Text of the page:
Both Creighton practitioners and Marquette instructors undergo tremendous training and education in order to be able to teach their methods. The process to become a Creighton instructor can take years, while all Marquette instructors must be licensed medical professionals.
Sarah Tramonte, a certified Marquette instructor and co-founder of You, Me and NFP ministry shared, ““Special circumstances” for example, a stressful event or illness, knowingly affects ovulation. Having an instructor can provide added confidence and emotional support, as couples navigate through the wonky waters and tumultuous tides of the unknown. Why does my mucus look fertile everyday? Why have I not gotten a peak yet? Why is my period “late”? When should my fertile window end? Is this prolonged abstinence really necessary? Answers to questions like these and similar ones are waiting for you!”
All fertility awareness instructors charge clients for their services as they rightly should considering their extensive education. But in times like this, the cost can be a barrier for some. Rebecca McEvoy addressed this: “Don’t hesitate to reach out to an instructor due to financial concerns. We don’t want to leave couples hanging in a time of need. Let your instructor know you need support and see what you can work out together!”
Toilet paper hasn’t been the only elusive NFP-related item. Clearblue fertility monitor test sticks were quickly sold out on Amazon or exorbitantly priced on Ebay. Marquette instructors like Sara Flood, BSN, RN and Feminine Genius Ministries made extra effort to keep tabs on availability of sticks, and even ordered boxes or found extra sticks to send to clients as requested.
The fact that instructors have access to such an intimate part of our lives puts them in the unique position to see things that maybe we don’t, and offer truly holistic care. Mary Bruno, a newly licensed CrFCP had just such an experience. “I was able to refer a client to counseling after talking about severe anxiety worsening with the onset of Covid. She actually made an appointment and got some good help.”
One other aspect essential to successful NFP practice is community, which may be hard to come by right now, particularly for those just starting out. Sarah and her co-founders of You, Me and NFP specifically address this through their ministry. “We were made for community; we were made to journey with one another,” Sarah noted. “The invitation is open for you to begin your NFP/ instructor relationship; both you and your instructor will be blessed because of it. God does some amazing things with these relationships!”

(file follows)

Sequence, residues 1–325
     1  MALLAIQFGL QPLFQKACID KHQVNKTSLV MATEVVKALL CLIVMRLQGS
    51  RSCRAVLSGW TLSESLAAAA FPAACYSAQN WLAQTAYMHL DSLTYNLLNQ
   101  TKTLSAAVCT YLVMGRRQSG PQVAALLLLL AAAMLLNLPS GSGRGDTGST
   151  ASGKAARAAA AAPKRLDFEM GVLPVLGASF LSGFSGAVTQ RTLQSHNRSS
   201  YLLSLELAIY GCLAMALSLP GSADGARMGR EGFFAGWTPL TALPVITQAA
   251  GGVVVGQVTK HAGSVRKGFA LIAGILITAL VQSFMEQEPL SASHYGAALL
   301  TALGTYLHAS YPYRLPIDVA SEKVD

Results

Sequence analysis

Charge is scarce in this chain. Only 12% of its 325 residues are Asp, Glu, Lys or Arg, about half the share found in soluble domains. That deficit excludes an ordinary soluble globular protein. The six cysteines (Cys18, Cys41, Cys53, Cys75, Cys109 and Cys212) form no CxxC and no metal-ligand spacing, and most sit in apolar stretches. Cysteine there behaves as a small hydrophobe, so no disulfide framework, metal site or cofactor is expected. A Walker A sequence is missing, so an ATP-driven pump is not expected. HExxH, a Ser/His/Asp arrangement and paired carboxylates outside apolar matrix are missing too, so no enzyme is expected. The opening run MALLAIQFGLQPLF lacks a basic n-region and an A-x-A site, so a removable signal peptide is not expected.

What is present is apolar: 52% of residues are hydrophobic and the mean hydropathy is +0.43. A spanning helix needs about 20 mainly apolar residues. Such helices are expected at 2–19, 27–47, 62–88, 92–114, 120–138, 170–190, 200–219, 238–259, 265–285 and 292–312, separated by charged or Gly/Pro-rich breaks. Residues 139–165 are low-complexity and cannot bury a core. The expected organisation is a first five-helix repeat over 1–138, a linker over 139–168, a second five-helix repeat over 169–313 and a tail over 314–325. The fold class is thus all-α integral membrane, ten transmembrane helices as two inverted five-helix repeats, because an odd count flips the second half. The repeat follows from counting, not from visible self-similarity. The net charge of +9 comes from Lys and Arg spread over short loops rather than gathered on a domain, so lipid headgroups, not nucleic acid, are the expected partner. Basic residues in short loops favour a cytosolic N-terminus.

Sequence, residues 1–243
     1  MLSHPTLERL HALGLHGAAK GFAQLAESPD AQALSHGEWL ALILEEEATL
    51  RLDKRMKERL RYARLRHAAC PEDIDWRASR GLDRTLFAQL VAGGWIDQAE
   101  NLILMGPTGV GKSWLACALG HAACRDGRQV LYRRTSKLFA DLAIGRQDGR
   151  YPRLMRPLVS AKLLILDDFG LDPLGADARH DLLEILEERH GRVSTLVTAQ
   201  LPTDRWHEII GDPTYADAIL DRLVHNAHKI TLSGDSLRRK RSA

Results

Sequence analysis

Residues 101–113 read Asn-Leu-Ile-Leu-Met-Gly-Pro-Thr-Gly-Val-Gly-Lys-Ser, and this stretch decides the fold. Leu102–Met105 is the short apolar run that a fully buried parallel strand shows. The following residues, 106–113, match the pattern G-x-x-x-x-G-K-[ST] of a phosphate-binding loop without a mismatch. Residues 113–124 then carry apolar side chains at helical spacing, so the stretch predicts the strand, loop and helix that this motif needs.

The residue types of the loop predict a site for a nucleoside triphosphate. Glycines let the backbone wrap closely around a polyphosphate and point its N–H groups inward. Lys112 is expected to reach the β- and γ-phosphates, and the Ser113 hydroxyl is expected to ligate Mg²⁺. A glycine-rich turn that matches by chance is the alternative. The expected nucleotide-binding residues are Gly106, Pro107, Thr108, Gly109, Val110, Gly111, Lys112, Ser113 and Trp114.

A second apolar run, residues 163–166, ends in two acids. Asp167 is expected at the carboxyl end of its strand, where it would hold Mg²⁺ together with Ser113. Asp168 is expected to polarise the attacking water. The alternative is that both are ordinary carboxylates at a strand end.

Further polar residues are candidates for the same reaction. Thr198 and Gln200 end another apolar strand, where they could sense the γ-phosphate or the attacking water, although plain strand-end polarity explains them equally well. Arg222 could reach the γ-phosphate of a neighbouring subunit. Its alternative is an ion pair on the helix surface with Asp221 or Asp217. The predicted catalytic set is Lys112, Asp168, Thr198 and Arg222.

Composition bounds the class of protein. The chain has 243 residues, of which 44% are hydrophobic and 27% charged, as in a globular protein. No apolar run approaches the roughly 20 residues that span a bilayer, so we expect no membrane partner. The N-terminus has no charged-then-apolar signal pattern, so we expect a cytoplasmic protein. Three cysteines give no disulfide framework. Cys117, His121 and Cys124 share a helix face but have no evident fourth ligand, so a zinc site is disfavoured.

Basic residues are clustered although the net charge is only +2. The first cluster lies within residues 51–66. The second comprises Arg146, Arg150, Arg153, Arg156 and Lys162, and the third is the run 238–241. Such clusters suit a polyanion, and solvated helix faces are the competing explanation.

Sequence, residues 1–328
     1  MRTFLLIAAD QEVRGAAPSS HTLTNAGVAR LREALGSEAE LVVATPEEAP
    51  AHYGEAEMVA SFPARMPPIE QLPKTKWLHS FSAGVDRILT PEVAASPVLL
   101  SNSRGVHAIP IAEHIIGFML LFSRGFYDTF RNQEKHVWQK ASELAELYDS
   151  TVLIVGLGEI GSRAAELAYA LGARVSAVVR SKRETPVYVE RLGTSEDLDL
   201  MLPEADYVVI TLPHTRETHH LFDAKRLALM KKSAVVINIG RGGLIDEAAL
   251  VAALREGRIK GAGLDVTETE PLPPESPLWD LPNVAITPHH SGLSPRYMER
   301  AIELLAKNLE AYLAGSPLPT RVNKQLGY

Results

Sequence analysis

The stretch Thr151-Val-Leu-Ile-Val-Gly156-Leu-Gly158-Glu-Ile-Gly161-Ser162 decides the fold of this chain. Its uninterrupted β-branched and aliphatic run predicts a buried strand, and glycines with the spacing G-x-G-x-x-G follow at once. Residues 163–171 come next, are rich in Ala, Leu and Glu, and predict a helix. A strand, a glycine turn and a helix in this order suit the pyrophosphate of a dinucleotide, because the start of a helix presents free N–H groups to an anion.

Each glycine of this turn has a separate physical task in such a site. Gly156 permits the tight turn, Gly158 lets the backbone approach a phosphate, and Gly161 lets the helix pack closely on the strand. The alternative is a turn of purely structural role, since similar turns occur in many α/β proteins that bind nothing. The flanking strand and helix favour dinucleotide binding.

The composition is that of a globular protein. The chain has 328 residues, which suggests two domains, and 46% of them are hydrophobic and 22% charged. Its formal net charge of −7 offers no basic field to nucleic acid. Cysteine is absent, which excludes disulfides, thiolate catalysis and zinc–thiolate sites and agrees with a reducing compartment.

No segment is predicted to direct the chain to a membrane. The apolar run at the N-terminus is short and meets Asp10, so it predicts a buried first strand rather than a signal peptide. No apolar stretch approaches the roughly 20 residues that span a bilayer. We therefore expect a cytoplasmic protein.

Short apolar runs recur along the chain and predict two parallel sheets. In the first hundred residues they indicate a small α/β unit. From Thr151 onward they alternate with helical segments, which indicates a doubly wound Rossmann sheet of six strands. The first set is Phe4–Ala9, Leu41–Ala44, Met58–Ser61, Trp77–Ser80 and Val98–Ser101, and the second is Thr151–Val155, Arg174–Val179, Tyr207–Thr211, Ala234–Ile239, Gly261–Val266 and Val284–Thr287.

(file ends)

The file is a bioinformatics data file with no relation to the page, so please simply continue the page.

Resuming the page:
Trying to Achieve… is now on hold.
Covid and the accompanying stress has been particularly brutal for infertile women, those who are already using fertility awareness and those who aren’t. Infertility treatments and even holistic procedures have been deemed “non-essential”, and couples have had to put their plans on hold. There is still hope. Mary Bruno mentioned, “If your IUI or IVF fertility treatments were put on hold due to the pandemic and this has added to the stress of infertility, learning about fertility awareness & restorative treatments that cooperate with the woman’s body can help find and address the underlying causes of infertility.”
Anna Saucier of Cycle Power Summit recognized this massive gap and put together the Unexplained Infertility Summit which begins today, May 25, and runs through Wednesday. The summit will feature sessions with a wide array of doctors and practitioners sharing the options women have to treat and manage their infertility right now.
A Few Words About Husbands.
It feels like in some NFP conversations, husbands are either left out entirely or can sort of be cast as the villains. The battle of the sexes can easily rear its head as couples try to navigate different libidos and how to practically share their fertility.
I’d first like to say that men are human beings, capable of and desiring to be known and loved deeply for who they are. They are not the insatiable sex fiends as our modern world likes to portray them, even when sex is stereotypially more on their minds than on woman’s. In normal times, this is extremely important to remember when having conversations about sex and fertility, and even moreso in times of crisis.
As you navigate this rough time, I would encourage you to give your husband some grace, and assume the best of him when you encounter misunderstandings or miscommunications. Stress impacts him just as much as you, though in different ways. Loss of libido is not uncommon. Anger and frustration directed at your wonky cycle is certainly possible. As you find time to manage your own stress, encourage your husband to do the same. Create space to have constructive conversations about these issues, and always give him the benefit of the doubt (even when it’s the 60 millionth time you’ve had the conversation). If that means having a glass of wine or cracking a beer first, go for it! Communicate your needs, and take time to listen to his. Know that you still may not agree by the end of the conversation. Coming to a mutual understanding or place of acceptance should be your goal.
It’s Just A Lot.
I hope that this was helpful, but the simple fact is no amount of blog posts can totally ease the struggles of this time. At the end of the day when we’re tired of being frustrated and confused and… tired, we should take a moment, take a deep breath, and give ourselves, our spouses and our bodies a whole lotta slack.
This whole pandemic is a lot to take in, and our fertility going haywire is the tangible daily evidence.
I’ve seen this quote pop up in several places: “These are the times saints are made.” Saints aren’t made when times are nice and easy, when our lives are perfectly ordered and everything goes to plan. Saints are made when everything goes bonkers, and we take our confusion and pain and turn to God and say, “It’s all yours. You deal with it.”
I encourage you to do that often – and about everything.